At this stage in the process, we don’t need reference letters, but we would like the names of your recommenders (and their titles and universities), either at the end of your CV or in a separate document. If we would like to see letters, we’ll contact you, so that you can request them from your references. We do recommend that you ask your recommenders to draft their reference letters well in advance of your application, so that the turnaround time for requests can be quick.
Typically your statement will be 2 - 3pp. single-spaced. We’re looking for evidence that you have thought deeply about teaching and are committed to being a successful teacher and mentor at a four-year liberal arts college. Because our department foregrounds the study of rhetoric from different disciplinary positions, it will be helpful for you to articulate your approach to the teaching of rhetoric (historically, theoretically, critically), as it relates to not only to skills or craft (writing and public speaking), but also to ways of knowing and being. Moreover, we do not ask for a separate statement on diversity because we feel that equity and inclusion (for both students and course materials from a broad variety of backgrounds) is an integral part of good pedagogy. Addressing how you approach issues and systems of power, advantage, and disadvantage -- and how these play out for students of different intersecting identities — is important as well.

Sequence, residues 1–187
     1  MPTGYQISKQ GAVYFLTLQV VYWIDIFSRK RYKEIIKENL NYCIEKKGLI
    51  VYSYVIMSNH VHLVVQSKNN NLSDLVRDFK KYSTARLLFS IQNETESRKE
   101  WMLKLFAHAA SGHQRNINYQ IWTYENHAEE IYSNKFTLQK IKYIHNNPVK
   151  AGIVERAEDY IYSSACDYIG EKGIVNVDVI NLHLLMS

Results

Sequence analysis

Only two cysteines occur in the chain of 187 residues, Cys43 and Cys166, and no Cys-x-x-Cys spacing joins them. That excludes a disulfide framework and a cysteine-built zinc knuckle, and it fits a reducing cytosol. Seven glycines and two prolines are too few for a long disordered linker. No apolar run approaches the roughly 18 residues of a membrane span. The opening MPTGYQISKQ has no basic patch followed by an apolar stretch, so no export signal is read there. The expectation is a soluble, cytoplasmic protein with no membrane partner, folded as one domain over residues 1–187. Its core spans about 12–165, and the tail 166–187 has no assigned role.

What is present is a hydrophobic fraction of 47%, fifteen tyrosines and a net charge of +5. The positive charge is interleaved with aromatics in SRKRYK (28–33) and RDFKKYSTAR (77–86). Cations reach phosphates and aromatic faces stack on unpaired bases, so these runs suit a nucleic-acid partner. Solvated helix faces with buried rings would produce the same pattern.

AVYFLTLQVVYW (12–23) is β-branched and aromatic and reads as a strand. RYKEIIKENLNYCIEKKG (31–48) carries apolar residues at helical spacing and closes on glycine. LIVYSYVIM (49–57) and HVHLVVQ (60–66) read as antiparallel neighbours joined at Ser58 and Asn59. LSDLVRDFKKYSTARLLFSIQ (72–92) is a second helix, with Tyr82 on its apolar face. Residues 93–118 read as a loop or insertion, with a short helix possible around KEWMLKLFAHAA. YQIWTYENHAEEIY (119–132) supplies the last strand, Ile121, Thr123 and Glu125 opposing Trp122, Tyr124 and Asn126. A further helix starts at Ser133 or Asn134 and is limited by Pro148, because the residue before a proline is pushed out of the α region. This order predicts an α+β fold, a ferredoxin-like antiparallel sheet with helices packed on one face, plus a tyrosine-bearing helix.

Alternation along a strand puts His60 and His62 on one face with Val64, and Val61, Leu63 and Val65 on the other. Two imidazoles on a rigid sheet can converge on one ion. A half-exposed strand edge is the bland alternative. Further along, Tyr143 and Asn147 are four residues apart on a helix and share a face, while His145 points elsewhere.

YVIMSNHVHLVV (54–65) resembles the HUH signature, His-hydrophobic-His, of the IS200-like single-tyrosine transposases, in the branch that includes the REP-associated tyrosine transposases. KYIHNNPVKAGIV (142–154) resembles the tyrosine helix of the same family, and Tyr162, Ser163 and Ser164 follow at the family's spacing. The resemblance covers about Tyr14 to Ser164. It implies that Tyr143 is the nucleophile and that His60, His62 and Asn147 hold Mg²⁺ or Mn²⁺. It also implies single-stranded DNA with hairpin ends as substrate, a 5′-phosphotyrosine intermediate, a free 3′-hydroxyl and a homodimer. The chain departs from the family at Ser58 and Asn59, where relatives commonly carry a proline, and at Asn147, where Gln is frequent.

To illustrate these broader themes, there are many forms your evidence can take. Here are some possibilities, but do not feel compelled to address each one: